Toby Young feels the bite as Twitter users attack
The Telegraph columnist is flamed three times in a fortnight after Caitlin Moran rounds on him
The attack dogs of Twitter are on the rampage once again, and this time they have Daily Telegraph columnist Toby Young in their sights.
He has been savaged by users of the social networking site for a third time in two weeks for having the temerity to write an article in the Spectator in which he takes umbrage at his previous 'flamings' (orchestrated attacks by users).
Young's initial crime was to write a piece for the Telegraph after the death of Alexander McQueen in which he questioned the fashion designer's "genius", given how flippantly the word is used in fashion circles, and talked about the "cult of personality" that had grown up around McQueen.
This displeased several fellow journos, among them Alex Petridis of the Guardian and Caitlin Moran of the Times, who both tweeted their outrage at Young's article, lighting the touchpaper for flaming number one. Some of the more hysterical Twitterati even suggested Young's column was as bad as the incendiary piece by Daily Mail writer Jan Moir on the death of Stephen Gately
As Young himself pointed out in his subsequent piece for the Spectator: "The problem is, journalists tend to have a lot of followers on Twitter and these fans instantly 'retweet' anything controversial their heroes say."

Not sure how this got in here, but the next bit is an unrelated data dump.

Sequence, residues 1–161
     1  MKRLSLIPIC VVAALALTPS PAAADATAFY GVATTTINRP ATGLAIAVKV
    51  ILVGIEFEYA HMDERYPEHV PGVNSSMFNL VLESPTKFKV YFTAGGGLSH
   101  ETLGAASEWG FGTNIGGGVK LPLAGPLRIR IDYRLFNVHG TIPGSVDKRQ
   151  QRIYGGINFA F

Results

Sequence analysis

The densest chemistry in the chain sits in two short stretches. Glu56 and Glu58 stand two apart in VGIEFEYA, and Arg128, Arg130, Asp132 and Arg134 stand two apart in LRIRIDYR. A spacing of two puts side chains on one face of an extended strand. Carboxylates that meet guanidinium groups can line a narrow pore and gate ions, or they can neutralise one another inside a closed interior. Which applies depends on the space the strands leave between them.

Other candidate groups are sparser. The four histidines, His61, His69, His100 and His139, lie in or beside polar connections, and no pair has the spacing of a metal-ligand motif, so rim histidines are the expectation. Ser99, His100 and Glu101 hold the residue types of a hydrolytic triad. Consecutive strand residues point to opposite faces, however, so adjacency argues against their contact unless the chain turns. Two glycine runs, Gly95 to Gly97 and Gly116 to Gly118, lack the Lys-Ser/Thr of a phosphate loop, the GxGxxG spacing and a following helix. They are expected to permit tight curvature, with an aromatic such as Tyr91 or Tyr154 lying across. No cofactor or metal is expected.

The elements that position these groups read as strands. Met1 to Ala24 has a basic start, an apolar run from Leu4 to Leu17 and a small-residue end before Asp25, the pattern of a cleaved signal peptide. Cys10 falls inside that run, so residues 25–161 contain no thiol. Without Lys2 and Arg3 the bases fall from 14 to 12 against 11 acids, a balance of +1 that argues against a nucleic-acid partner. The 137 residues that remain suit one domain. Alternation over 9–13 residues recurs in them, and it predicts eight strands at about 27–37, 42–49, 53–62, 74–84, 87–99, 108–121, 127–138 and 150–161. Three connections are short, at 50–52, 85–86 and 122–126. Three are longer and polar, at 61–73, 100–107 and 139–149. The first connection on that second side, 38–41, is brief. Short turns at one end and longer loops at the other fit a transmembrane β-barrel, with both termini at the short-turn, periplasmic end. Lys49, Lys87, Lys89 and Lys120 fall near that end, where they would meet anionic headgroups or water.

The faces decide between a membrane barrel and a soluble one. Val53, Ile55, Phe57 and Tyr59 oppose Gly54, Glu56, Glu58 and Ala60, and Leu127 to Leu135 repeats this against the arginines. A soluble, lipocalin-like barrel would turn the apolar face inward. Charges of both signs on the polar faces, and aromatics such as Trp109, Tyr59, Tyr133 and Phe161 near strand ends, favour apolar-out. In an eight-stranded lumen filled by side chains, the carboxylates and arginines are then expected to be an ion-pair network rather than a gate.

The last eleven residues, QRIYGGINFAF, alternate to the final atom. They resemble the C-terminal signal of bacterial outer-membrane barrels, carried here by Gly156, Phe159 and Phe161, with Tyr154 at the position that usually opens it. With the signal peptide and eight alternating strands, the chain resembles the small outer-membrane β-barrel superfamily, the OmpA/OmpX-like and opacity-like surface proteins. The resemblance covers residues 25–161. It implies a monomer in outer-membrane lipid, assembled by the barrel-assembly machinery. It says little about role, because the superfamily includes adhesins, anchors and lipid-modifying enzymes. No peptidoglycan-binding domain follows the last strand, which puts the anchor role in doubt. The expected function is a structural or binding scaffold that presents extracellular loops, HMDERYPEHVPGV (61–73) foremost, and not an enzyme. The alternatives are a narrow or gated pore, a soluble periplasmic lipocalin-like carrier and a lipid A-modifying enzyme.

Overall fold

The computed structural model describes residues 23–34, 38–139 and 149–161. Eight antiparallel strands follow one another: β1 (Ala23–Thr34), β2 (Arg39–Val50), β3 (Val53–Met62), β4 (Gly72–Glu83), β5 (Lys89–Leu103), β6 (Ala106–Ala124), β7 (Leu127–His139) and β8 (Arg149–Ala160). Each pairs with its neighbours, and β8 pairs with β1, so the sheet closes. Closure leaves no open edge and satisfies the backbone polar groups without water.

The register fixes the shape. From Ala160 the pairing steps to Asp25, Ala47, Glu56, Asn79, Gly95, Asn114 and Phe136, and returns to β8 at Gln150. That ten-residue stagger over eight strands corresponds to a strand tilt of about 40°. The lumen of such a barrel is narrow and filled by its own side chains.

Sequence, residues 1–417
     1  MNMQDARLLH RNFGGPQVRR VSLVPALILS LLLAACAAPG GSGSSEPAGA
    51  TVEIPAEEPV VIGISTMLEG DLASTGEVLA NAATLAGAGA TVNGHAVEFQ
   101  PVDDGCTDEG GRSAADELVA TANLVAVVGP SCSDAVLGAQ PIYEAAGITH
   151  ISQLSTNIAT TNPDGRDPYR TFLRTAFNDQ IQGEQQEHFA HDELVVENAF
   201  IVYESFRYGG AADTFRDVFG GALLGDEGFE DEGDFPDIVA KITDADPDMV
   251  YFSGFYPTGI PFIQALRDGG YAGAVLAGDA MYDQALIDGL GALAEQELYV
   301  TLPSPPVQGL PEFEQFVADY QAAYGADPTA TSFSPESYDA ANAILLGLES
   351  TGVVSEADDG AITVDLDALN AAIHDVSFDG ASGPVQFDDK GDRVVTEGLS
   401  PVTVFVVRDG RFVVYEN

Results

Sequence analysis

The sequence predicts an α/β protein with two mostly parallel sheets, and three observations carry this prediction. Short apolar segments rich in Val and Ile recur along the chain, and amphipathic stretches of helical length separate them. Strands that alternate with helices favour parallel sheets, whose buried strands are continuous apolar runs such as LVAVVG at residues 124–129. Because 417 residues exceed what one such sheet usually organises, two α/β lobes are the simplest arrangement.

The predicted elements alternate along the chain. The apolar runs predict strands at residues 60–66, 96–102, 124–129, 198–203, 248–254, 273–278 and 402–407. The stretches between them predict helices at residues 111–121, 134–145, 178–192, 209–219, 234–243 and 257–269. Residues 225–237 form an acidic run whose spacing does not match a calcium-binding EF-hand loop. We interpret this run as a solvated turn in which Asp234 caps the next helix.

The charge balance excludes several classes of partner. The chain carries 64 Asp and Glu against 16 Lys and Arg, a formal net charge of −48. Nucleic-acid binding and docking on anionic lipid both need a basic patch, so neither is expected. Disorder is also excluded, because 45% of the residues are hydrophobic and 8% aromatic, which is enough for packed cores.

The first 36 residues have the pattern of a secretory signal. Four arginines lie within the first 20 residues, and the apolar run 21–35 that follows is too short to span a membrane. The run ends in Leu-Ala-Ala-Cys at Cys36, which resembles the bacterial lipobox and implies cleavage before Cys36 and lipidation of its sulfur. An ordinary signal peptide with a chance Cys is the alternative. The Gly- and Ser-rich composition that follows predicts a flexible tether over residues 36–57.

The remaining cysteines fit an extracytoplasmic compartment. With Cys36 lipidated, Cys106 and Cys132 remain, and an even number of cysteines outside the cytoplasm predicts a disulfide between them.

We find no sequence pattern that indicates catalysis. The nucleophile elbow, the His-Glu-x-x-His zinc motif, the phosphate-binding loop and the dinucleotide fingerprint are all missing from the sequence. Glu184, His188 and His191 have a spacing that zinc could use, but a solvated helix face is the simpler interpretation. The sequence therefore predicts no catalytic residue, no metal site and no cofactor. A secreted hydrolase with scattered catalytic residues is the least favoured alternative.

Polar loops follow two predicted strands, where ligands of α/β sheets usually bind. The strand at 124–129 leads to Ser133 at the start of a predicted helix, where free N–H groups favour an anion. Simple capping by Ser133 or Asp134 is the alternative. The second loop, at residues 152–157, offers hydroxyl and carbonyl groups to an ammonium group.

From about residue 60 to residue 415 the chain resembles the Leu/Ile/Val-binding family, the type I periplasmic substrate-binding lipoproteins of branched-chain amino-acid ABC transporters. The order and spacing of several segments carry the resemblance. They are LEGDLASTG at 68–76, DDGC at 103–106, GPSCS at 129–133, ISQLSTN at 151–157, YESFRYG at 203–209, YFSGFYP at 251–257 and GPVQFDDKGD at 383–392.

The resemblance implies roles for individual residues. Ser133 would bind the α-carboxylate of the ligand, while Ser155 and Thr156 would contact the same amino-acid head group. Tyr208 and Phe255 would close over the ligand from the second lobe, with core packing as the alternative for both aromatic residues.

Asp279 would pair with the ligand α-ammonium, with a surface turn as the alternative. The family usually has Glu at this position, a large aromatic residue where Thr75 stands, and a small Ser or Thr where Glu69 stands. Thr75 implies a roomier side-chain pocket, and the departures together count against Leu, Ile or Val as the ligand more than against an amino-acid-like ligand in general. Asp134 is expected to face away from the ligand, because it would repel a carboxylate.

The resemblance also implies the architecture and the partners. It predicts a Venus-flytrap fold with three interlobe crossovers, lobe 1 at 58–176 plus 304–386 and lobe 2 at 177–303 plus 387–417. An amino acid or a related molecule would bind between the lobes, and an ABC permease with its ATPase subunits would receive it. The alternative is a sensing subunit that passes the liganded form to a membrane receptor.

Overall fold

Moran continued her assault the following week, tweeting that "the reliability of Toby Young to be a total CUNT could be used to power the atomic clock".
Young did himself few favours by rather grandly announcing on his blog for the Telegraph that "compared to the misfortunes Cicero had to bear, being flamed on Twitter is barely a pin prick". And at the end of last week he was subjected to flaming number two, in which he found himself as one of Twitter's 'trending topics' - the most talked about subjects among users of the site - something that Young put down to "one woman's vituperation".
Young found himself as a trending topic again on Thursday and was subjected to yet another flaming after the publication of his piece in the Spectator, in which he mulled the question of whether he had become the victim of cyber-bullying - eventually deciding that he was not.
There were also several voices in support of Young on this occasion, including Moran's fellow Times writer Giles Coren who asked Moran: "He's just trying to earn a living. Why do you hate him so much?" (Although their subsequent exchange suggests there may have been an element of irony involved.)
But, as Young says in his Spectator piece, the episode reeks of playground persecution. It also harks back to the events of last year when, despite Twitter's high profile successes in lifting the Trafigura injunction and mobilising support for the NHS, leading lights such as Stephen Fry were moved to question the site's herd mentality. ·
Comments are now closed on this article